By Jim O’Neal
The life of Stephen Foster had an auspiciously American beginning. Like the great stage patriot George M. Cohan, Foster was born on the Fourth of July (Cohan’s birth certificate actually shows a date of July 3). But in the case of Foster, it was no ordinary Fourth. It was July 4, 1826, to be exact, which marked the passing of two great Americans: John Adams and Thomas Jefferson, both having served as vice president and president of the United States. Foster came into this world as they were leaving it.
It was also a memorable date in American history, marking the 50th anniversary of the Declaration of Independence, a time when America was still emerging from its colonial past and establishing its own distinctive culture.
Stephen Foster (1826-1864), like most children in his social class, spent many afternoons playing and singing at the piano. But Foster was more interested in music he heard outside the home: the growing popularity of the “minstrels.” These were white-men-in-black-face performances of the 1830s and 1840s, which dominated the theaters. At once racist and patriotic, these shows permitted Americans (specifically whites) to join in expressing their superiority to the black man, an unfortunate “unifying event” in a nation of immigrants.
However, for the young Foster, who often returned home from the theater and put on minstrel shows of his own for friends, there was much more. There was something fascinating about the black music and lyrics he heard, even as they were twisted for derogatory effects. He developed a sympathy that he carried forward years later when, as a bookkeeper in Cincinnati, he decided to become a professional songwriter. And what an astounding, prolific artist he became!
From his office window on the docks of the Ohio River, Foster marveled at the music of immigrants from Germany, Italy and Scotland … and especially from the blacks who had come to Cincinnati to work on the docks. Now Foster could hear real African-American music, not just the caricatures of the minstrel men, and it captivated him. Locked in complete silence in his study, Foster carefully incorporated the diverse melodies he’d absorbed from the many varieties he heard. First working through them note by note on the flute, then playing them full-out on the piano until they became the raw material for his own music.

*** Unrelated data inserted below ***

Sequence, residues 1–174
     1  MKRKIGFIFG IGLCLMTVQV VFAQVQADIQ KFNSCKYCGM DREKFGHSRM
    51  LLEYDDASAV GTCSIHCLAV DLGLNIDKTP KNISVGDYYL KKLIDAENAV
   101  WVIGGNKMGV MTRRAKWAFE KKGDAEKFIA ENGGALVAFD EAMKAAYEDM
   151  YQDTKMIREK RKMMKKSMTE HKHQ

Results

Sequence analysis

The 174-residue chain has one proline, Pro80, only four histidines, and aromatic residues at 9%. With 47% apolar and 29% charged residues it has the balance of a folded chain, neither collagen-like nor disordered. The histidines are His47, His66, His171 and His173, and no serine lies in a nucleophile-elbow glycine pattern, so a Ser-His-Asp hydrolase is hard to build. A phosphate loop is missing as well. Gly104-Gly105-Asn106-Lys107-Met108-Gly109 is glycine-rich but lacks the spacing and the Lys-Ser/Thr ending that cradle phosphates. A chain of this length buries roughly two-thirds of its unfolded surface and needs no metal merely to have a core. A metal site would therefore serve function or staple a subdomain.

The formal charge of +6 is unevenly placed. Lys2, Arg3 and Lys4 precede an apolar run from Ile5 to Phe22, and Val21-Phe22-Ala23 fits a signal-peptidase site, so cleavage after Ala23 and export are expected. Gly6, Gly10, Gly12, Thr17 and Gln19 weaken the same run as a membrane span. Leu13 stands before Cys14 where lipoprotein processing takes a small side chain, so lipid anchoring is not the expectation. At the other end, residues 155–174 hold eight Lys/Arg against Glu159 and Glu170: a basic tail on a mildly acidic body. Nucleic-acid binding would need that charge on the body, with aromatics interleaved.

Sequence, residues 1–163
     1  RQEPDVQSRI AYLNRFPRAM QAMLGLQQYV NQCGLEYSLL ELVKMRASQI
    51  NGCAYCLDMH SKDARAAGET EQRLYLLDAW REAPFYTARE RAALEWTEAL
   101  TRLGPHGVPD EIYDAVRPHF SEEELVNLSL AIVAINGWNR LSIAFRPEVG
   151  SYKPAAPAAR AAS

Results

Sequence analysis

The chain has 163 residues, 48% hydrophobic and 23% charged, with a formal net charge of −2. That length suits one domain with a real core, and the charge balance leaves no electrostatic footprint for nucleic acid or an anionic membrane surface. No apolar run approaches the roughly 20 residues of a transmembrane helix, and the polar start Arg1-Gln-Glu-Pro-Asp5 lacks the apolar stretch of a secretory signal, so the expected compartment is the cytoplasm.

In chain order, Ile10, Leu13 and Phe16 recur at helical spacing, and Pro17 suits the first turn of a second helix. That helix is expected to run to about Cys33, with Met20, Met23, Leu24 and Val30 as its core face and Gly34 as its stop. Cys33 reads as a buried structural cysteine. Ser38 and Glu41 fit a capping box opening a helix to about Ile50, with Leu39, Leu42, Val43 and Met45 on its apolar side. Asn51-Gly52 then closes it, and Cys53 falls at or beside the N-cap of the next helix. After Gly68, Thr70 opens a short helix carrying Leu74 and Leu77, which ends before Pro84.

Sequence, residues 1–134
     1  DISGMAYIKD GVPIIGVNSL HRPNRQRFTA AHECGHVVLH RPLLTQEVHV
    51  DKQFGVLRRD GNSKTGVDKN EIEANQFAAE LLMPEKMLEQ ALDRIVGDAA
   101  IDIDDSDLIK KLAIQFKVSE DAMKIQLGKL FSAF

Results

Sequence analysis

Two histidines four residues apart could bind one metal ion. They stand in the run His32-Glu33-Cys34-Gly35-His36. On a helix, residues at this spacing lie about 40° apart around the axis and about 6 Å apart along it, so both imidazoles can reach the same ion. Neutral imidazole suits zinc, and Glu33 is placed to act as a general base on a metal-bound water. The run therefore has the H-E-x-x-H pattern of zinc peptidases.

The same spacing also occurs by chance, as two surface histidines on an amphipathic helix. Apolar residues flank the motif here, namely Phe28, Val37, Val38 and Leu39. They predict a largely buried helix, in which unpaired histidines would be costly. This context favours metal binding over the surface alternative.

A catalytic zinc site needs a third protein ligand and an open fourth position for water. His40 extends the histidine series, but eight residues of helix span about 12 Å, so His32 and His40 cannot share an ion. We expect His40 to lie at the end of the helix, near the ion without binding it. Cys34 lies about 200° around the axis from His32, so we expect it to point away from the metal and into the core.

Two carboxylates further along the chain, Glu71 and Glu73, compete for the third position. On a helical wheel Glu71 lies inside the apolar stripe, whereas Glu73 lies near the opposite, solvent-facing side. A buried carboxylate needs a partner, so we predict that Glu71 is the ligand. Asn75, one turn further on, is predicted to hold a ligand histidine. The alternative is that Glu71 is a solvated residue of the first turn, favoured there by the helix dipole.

In the end, Foster’s lasting appeal was his ability to draw on this reserve from which he created a uniquely American sound. Borrowing from elements of Irish songs, Italian opera, minstrel music and black spirituals, he created simple melodies that spoke to human needs of family and heartbreaks.
The results were staggering.
His first minstrel song in 1846, “Oh, Susanna,” was a smash hit. Arriving at a time when national pride was beginning and new technologies were uniting people across the nation, it caught on like no song before it. The previous most popular piece of sheet music had sold 5,000 copies. “Susanna” would sell over 100,000 and instantly become part of our cultural heritage. California miners hummed it while they dug for gold. Black rowers sang it in the East and South. It was easily the most sung song in America.
After this success, Foster became serious about making a living in music and publishers billed him as the “Songwriter of America.” In 1850, he wrote 16 songs. In 1851, 16 more. Then would come a flood of hits that are too numerous to list. He toned down the dialect, dropped the term “minstrel” and blended the black experiences into metaphors for all manner of American yearnings, especially the one for “home.”
The Father of American music churned out over 200 classics. Then it all came to a sudden halt when he died from a mysterious fall. Stephen Collins Foster was a mere 37 years old when his genius stopped. Yet on the first Saturday of May each year since 1875 (uninterrupted), people gather at Churchill Downs in Louisville to witness “the most exciting two minutes in sports” … the Kentucky Derby. Among the many traditions of mint juleps, burgoo and women’s accessorized hats, the University of Louisville marching band will play his “My Old Kentucky Home.”
Not bad for a shy lad born on the 50th anniversary of our defiant Declaration, which we still rely on today.
Intelligent Collector blogger JIM O’NEAL is an avid collector and history buff. He is president and CEO of Frito-Lay International [retired] and earlier served as chair and CEO of PepsiCo Restaurants International [KFC Pizza Hut and Taco Bell].